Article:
Saturday, March 15, 2014

CA-33 Primary Filing Analysis

California extends the primary filing by five days in all districts where an incumbent was eligible to run but fails to file. That five day period has passed and filing is closed for all California offices. Unfortunately, the state won't publish an official certified list until March 27. As I mentioned earlier, some counties publish complete information while others don't publish any. I'll take a look at the more competitive races and highlight a few others.

Since CA-33 is so involved, I'll give it, its own diary. I'm pretty good at analyzing top two, but this district is difficult to analyze. There could be 11 Democrats, 4 Republicans, and an odd assortment of Greens, Libertarians, and independents. This probably shouldn't be surprising. This coastal district is home to a lot of upscale politically active people. With Henry Waxman retiring, everyone sees an opportunity.

In 2012, Democrats got 52.2% of the vote to 39.9% for the Republican and right leaning independent. The Green and Libertarian combined for 7.8% of the vote in 2012 and there'll be one of each again. One might expect a similar breakdown to 2012, but NPP author Marianne Williamson adds a new dynamic. While Williamson seems to be running a far left populist campaign, her fame and ballot designation could mean she could take Republican votes. For the most part Democrats didn't take Republican votes in 2012 primaries, but there were a few exceptions. Notable was the Berman-Sherman match-up where both candidates spent a lot of money and sent out mailers to Republicans, while the Republicans spent little.

None of the four Republicans has any name recognition and it's unknown whether any of them will raise money. Chris David didn't in 2012 and ended up missing top two despite being the only Republican on the ballot. Even if the four Republicans get 40% of the vote, there's no guarantee any will get the 15% they might need to finish top two. I use 15%, but it might not be that high. The U.S. Senate race had a similarly large field in 2012 and the second place finisher was just north of 12%. It's still conceivable that Republicans could take both of the top two spots. Or they could take neither. Honestly, I can't tell you which is more likely.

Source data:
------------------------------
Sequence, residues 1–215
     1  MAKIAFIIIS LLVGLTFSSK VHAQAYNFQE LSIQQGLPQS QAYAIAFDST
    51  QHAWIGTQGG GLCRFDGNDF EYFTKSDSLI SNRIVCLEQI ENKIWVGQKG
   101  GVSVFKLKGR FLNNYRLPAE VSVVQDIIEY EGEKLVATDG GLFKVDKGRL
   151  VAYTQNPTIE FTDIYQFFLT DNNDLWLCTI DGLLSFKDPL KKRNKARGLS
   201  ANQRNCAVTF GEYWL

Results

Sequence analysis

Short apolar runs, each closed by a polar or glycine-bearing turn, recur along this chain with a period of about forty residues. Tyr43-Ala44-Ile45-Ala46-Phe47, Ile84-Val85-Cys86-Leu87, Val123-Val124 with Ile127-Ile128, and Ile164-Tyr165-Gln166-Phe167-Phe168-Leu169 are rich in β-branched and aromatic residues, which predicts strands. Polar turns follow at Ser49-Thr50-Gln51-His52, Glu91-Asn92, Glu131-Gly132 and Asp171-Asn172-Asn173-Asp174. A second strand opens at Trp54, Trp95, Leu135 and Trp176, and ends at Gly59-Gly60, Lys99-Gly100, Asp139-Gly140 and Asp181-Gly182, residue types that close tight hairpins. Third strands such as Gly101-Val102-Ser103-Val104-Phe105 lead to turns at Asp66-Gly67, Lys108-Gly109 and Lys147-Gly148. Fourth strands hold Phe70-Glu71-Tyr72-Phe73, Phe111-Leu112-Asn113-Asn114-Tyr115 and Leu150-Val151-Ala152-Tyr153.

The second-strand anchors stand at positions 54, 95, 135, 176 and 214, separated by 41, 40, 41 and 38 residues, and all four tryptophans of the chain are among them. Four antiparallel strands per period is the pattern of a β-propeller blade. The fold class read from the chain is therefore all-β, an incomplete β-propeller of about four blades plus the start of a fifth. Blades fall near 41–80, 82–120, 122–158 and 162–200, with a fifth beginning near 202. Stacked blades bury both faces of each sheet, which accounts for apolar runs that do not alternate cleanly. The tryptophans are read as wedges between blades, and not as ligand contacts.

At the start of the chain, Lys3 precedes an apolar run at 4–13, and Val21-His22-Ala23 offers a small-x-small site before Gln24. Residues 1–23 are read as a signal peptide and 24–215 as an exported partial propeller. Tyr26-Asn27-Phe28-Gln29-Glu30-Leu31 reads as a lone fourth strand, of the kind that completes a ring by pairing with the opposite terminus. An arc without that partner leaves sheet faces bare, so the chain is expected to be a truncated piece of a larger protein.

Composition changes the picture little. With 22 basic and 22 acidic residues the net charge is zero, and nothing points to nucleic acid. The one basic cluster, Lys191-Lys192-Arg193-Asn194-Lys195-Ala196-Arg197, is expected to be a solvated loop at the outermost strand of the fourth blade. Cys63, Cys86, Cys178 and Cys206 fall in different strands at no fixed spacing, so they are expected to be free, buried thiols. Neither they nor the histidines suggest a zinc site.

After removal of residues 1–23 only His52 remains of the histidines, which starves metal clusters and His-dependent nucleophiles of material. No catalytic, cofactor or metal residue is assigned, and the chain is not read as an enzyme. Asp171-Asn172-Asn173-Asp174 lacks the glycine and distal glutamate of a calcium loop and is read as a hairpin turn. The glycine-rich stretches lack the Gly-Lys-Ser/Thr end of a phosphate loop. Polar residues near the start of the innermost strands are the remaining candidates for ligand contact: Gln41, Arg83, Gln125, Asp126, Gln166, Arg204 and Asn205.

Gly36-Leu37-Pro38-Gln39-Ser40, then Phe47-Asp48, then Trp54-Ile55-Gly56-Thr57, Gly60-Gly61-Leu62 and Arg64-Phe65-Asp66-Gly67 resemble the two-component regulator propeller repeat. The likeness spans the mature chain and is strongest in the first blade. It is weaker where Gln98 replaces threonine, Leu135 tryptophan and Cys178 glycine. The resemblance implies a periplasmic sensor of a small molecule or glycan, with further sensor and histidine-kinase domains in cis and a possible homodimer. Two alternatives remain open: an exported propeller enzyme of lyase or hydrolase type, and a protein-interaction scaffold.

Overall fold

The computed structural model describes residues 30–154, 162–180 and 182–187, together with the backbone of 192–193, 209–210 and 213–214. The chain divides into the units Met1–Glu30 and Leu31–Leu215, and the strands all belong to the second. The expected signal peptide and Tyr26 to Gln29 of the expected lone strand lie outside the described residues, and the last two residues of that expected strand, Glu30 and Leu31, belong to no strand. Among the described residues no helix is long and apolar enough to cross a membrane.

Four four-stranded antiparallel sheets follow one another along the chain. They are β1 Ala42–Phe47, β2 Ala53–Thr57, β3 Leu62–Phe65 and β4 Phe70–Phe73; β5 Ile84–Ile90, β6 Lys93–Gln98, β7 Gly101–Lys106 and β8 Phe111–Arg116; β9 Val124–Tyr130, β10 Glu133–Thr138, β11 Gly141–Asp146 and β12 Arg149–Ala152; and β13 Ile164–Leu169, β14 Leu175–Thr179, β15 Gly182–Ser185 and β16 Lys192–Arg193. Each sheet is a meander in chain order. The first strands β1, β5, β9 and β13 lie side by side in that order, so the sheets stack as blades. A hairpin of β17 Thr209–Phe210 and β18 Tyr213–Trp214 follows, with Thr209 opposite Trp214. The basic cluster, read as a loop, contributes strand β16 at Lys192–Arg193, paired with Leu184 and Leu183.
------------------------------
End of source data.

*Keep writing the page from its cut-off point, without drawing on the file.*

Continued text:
There are 3 Democrats of note here, but we should keep in mind that almost everyone whose name was on the ballot in 2012, regardless of the field size, took at least 0.5%. In a 24 person field for U.S. Senate only two candidates got below that and they got 0.4% and 0.3%. So even if those eight Democrats do nothing to distinguish themselves they should take 4-6% of the vote.

State Senator Ted Lieu got the state party endorsement, but former city controller Wendy Greuel has more endorsements from elected officials. It's possible one could run away with it and top 20%, but I see 20% as pretty much the top Democrat's ceiling. Greuel and Lieu will both likely get between 15% and 20%. The third notable Democrat is former KCRW "Left Right and Center" host Matt Miller. Miller has occupied the center spot on the weekly political roundtable. Considering he has no money, no endorsements, and hasn't held elected office here, his familiarity is all he has in his column.

When she ran for LA mayor, Wendy Greuel sent me a mailer criticizing Eric Garcetti for getting Republican Kevin James' endorsement in the mayoral race. She tied James to a bunch of "extreme" Republicans and did so with Garcetti by association. Then her campaign had a volunteer call me with the message that Bill Clinton endorsed Greuel. When I asked the girl if that was the best way to convince a Republican to vote for Greuel, she hung up on me. I don't know if Wendy Greuel will go after Republican votes in the primary, but if she does that'll be the sort of campaign brilliance to her congressional race she won't win Republican votes.

Ted Lieu has geography going for him. He comes from the South Bay, not the progressive Westside. The South Bay is slightly Republican leaning, but is split fairly evenly. He could consolidate the Democratic vote and attempt to appeal to Republicans who don't want a congressman from the Westside.

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